That is the question, isn't it? As I look around I see an inconsistent use of the mask. Some places are militant about it's use, others quite lackadaisical. This inconsistency stresses me out. The ambivalence from authorities is also frustrating.
Today I was watching the local health report and the discussion of the rising number of cases. One of the news people asked what could be done to mitigate the increasing numbers. The official answered: "Everyone must do their part...say six feet away, wash your hands, wear a face-mask if distancing is not possible. Close proximity is considered being next to a person indoors, for at least 15 minutes."
So health officials are not mandating using masks, but it certainly seems like a good thing to do. When I consider that my average grocery store trip lasts 45 minutes, I'm breathing that enclosed air for a prolonged amount of time. No, I'm not next to the same person the entire time, but how often does one cross paths with the same shopper as one goes up and down the isles? So I wear a mask.
I've decided to err on the side of caution. Maybe it does nothing, maybe it helps. It certainly reminds me to keep my hands off my face. These days, when cleaning measures seem to be more "laissez-faire". One grocery store no longer sanitizes the carts for shoppers. Instead they have cleaning supplies available at the entrance to use at your discretion. Another grocery store usually has a person reminding you the wipes are available at the entrance, but again, store employees are no longer sanitizing carts. No masks are required to shop. One can wear one or not, it's whatever the individual wants. This is not surprising, given that people in authority are making suggestions, rather than strict mandates.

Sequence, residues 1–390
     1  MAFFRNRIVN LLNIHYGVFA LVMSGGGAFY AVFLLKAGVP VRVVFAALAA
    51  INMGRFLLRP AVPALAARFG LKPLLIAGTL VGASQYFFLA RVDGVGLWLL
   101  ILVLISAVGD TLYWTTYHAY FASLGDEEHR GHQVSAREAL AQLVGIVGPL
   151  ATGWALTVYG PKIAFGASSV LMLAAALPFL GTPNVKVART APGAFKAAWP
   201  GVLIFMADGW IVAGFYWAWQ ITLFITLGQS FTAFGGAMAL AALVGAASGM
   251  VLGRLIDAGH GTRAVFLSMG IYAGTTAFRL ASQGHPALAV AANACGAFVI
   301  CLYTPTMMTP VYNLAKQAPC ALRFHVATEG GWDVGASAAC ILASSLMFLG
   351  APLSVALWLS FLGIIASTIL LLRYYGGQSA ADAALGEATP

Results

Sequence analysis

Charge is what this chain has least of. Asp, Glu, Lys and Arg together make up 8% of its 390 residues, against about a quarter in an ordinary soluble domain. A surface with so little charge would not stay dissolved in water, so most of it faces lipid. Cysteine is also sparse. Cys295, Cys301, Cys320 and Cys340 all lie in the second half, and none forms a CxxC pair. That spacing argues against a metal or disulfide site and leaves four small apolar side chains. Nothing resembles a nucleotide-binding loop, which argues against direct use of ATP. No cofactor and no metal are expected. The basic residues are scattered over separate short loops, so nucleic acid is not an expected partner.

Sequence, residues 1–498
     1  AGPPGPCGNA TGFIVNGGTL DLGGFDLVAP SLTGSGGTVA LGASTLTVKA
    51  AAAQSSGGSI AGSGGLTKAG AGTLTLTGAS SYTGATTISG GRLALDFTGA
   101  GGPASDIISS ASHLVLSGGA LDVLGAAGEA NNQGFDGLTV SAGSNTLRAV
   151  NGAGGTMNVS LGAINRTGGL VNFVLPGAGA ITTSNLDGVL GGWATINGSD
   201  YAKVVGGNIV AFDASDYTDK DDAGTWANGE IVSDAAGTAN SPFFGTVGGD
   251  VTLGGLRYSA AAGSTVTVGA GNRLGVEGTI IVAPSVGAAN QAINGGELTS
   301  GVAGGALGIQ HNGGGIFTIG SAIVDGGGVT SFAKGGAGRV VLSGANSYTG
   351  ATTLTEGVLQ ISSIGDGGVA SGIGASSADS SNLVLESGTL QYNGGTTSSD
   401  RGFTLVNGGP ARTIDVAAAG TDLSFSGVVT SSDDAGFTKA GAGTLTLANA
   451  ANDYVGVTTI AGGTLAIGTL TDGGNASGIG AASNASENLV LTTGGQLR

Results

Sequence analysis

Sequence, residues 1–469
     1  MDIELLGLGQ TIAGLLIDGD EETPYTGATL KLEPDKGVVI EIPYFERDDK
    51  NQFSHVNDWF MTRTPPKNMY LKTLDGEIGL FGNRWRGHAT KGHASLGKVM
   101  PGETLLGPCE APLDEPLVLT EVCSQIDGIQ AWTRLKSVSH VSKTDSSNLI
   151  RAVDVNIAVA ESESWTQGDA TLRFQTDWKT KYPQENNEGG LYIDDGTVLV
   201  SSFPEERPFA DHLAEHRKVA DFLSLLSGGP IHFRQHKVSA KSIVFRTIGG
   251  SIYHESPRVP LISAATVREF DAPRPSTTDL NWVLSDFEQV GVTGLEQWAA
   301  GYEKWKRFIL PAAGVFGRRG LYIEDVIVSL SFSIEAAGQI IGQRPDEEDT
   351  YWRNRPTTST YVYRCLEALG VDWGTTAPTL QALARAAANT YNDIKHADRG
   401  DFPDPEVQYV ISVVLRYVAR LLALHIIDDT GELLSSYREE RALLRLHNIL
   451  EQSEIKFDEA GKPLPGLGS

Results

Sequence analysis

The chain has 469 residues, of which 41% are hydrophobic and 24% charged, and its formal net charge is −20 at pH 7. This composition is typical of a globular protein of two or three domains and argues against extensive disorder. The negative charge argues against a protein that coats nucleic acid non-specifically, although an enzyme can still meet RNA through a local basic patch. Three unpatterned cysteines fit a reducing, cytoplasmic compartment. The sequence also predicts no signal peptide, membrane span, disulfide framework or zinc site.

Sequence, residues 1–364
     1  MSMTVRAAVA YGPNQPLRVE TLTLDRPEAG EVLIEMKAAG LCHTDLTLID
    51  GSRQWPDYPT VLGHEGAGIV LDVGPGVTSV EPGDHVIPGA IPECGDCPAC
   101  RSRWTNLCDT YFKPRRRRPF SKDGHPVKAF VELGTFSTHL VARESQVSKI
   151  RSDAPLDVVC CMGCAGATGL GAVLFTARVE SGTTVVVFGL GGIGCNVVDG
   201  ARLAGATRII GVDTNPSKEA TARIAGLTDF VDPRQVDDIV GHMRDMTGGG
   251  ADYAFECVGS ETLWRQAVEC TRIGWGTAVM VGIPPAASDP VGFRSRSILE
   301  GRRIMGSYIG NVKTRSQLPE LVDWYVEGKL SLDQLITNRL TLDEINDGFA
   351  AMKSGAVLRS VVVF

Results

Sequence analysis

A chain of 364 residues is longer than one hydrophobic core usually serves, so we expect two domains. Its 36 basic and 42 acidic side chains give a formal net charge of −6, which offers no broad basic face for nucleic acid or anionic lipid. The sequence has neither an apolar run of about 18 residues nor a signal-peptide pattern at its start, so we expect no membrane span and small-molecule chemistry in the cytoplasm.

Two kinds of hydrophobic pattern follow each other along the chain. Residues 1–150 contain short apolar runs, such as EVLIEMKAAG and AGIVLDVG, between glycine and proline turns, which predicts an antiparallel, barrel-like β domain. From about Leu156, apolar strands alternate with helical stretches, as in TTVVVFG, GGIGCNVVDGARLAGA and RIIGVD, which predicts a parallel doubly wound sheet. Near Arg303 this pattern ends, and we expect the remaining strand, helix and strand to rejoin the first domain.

Once wearing seat belts was this way. I'm old enough to have traveled un-tethered in the back seat of the family vehicle. One gripped the front seat, an arm rest, or the loop that hung from the ceiling, and one survived. Cars didn't come standard with seat belts, and car seats had not been invented. Then came the era of public service announcements on the benefits of seat belt safety. People balked. Laws came into place and the "Click it or ticket" catch phrase caught on. Wearing seat belts became the thing to do. For many years I have not given this a second thought. It is second nature to get in the car and put on the seat belt.
Back to mask wearing. So why do it? I'm going to do it because I want to protect myself and my neighbor. What if I am asymptomatic? I feel fine, but I can't get a test unless I exhibit symptoms. So until more testing is available, I will wear a mask. It isn't always about protecting yourself. Sometimes you do it to protect your neighbor. It's a small inconvenience to help, just in case.